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Star Trek.

Mercury, the smallest and fastest planet in the solar system, will cut across the face of the sun like a little boy running across a cricket field on the afternoon of May 9. And people in Oman will have the opportunity to view this celestial show in many different ways.

The phenomenon, known as the Transit of Mercury, takes place when the planet Mercury comes in between the Sun and the Earth and is seen as a small dot moving across the face of the Sun. This happens 12 to 13 times in a century, the last one being on November 8, 2006, and the next expected on November 11, 2019.

According to Omani scientist and astronomer Dr Saleh al Shidani, who works with the Department of Physics at Sultan Qaboos University, the best part of the current Transit of Mercury is the fact that the initial stage of the event will be visible in Oman from around 3pm onwards until sunset.

There are different ways how people here can view this interesting phenomenon, Saleh informed. The PDO planetarium will be conducting a free scientific demonstration and providing people an opportunity to view it via solar telescopes, so Saleh suggests a family outing at the planetarium on Monday afternoon.

Another way to view the Transit of Mercury is by projecting it via a homemade pin-hole camera onto a screen in a dark corner of your home, as done during solar eclipses. Also, some astronomy societies are planning to have webcasts of the Transit of Mercury which can be viewed on the Internet as it occurs.

Veteran Omani astrophotographer Dr Samir al Kharusi, said, "There are five planets that are visible to the naked eye - Mercury, Venus, Mars, Jupiter and Saturn. Since ancient times, people in all cultures noted that though these moved against fixed stellar background patterns, Mercury and Venus also had retrograde loops (backward movement). This had remained unexplained for centuries since many cultures considered the earth to be at the centre of the universe."

Samir further explained that the Earth's movement in an orbit around an 'insignificant star' - the Sun - as part of a galaxy among billions of galaxies, was established only recently. "When planetary orbits were finally deciphered in recent history, it became clear that Venus and Mercury had smaller orbits inside the Earth's orbit, which caused their retrograde loops."

As Oman has an ancient maritime tradition, the Omani sailors and fishermen of yore were aware about the planetary movements and never relied on them for navigation purposes in this celestial phase, Samir said.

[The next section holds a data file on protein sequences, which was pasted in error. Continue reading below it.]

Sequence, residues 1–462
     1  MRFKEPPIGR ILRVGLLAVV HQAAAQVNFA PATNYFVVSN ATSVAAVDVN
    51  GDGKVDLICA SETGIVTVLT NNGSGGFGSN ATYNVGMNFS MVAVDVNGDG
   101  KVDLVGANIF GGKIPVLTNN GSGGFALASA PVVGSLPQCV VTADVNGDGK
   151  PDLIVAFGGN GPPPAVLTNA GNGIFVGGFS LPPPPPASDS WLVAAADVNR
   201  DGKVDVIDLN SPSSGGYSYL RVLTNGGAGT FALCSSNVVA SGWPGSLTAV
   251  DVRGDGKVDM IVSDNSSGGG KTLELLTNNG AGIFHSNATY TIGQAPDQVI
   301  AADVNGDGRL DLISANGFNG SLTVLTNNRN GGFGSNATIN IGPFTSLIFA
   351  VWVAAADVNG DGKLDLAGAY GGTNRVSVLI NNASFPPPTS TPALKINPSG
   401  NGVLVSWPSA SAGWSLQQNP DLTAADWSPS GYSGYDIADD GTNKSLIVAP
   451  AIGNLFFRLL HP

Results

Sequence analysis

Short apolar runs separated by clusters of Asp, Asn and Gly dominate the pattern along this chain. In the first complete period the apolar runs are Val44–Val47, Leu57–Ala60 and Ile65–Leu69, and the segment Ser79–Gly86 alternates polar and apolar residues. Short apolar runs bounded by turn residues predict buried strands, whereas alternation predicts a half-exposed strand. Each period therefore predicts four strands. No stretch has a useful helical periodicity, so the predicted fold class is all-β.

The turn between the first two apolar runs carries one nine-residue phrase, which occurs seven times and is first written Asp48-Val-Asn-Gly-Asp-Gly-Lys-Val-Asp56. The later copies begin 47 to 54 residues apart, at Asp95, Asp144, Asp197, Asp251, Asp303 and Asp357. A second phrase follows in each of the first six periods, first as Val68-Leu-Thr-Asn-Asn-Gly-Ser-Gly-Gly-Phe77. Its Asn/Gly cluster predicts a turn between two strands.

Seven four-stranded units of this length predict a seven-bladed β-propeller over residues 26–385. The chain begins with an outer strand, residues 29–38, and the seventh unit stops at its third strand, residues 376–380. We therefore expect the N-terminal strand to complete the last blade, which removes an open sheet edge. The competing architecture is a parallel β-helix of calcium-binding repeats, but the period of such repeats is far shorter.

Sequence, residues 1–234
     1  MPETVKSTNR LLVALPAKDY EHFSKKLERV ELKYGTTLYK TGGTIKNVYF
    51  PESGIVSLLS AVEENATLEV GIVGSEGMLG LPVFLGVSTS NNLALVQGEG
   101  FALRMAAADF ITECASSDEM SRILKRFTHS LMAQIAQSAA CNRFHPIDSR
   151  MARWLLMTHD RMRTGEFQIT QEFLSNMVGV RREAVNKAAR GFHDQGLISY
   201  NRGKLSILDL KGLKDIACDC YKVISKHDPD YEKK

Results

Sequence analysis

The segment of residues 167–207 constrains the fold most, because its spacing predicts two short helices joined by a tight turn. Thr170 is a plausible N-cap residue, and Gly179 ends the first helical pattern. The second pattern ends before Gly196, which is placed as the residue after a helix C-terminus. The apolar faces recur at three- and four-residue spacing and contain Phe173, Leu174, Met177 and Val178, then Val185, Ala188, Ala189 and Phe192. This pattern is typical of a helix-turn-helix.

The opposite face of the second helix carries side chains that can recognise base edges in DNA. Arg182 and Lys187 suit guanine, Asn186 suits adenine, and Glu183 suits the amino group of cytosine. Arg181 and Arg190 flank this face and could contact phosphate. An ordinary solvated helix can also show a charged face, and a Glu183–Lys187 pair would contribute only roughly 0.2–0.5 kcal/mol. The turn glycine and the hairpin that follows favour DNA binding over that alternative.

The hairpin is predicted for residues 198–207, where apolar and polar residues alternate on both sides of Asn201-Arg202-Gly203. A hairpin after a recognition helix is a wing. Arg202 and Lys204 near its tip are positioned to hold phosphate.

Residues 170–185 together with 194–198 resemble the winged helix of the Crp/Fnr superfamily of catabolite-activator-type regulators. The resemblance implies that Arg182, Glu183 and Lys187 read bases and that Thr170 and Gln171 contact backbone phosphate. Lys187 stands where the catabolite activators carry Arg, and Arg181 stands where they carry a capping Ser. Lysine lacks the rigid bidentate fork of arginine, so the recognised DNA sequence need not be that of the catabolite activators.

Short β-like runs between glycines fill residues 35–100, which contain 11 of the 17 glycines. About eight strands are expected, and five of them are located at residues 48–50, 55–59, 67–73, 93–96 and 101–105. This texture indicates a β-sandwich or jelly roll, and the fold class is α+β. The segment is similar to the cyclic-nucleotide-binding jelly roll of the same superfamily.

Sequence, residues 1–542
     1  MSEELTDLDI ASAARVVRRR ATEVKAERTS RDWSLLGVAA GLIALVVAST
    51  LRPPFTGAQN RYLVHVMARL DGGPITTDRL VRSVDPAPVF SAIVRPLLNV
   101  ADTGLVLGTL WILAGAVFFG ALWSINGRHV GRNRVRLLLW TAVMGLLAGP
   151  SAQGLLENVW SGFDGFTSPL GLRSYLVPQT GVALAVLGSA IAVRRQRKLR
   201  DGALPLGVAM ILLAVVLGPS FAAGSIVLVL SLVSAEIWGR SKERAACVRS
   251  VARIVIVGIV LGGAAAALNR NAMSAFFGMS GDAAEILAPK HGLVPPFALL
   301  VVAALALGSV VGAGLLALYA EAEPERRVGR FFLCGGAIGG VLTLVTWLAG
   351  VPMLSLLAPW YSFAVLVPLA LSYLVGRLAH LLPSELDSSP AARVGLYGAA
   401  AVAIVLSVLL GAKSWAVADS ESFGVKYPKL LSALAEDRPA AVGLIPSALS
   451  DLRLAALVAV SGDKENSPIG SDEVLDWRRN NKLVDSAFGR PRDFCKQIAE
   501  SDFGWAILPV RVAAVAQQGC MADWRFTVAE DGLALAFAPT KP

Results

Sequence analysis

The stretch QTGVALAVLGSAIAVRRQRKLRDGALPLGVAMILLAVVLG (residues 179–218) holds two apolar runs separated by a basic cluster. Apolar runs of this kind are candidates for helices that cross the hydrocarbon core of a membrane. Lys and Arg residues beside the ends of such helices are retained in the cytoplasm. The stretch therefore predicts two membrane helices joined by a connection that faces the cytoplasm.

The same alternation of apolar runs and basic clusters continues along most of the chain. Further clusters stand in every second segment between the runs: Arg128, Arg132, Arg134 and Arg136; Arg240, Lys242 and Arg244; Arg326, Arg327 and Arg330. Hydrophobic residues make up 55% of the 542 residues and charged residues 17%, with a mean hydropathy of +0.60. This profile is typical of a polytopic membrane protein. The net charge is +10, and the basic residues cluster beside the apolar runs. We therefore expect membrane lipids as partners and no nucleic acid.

Saleh further explained that the alignment of planets in between the Earth and the Sun are governed by a number of factors including their orbits and distance from the Sun which make them a rare occurrence. The Transit of Mercury used to occur in April and October but now it has slowly shifted to the months of May and November.

Countries in the Middle East, will get a chance to view the first part of the Transit of Mercury until sunset. The first point of contact of Mercury against the rim of the Sun will occur around 3.30pm as it progresses to the second point of contact concentric to the inner circumference of the Sun.

When asked about beliefs in Oman associated with the Transit of Mercury, Saleh said there are no specific stories among the older generation connected with this phenomenon. Since the transit does not cause any visible change in the light of the sun, as is the case of an eclipse, it did not attract attention.

"Fishermen and sailors in Oman in ancient times were more concerned with objects whose appearance in the sky could be used to date other events, like seasons, for timing agricultural tasks or to predict storms," Saleh said. They were able to identify planets as 'wandering stars' and did not find them useful for timing any of their activities due to their changing positions.

Meanwhile, Sulaiman al Busaidi, curator of the PDO Planetarium, informed that the Transit of Mercury, as seen in the sultanate will begin at 3.13pm and end at 10.42pm. "Note that the sun sets at 6.39pm on that day and the planet will be present in Aries and will cross the solar disk in the sky in a descending movement," he said The total time taken for the transit would be seven hours and 30 minutes.

Sulaiman also cautioned people against looking at the sun with naked eyes to avoid retinal damage. The best way to view the transit would be via a solar telescope equipped with solar filters, he said.

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Publication:The Week (Muscat, Oman)
Geographic Code:7OMAN
Date:May 3, 2016
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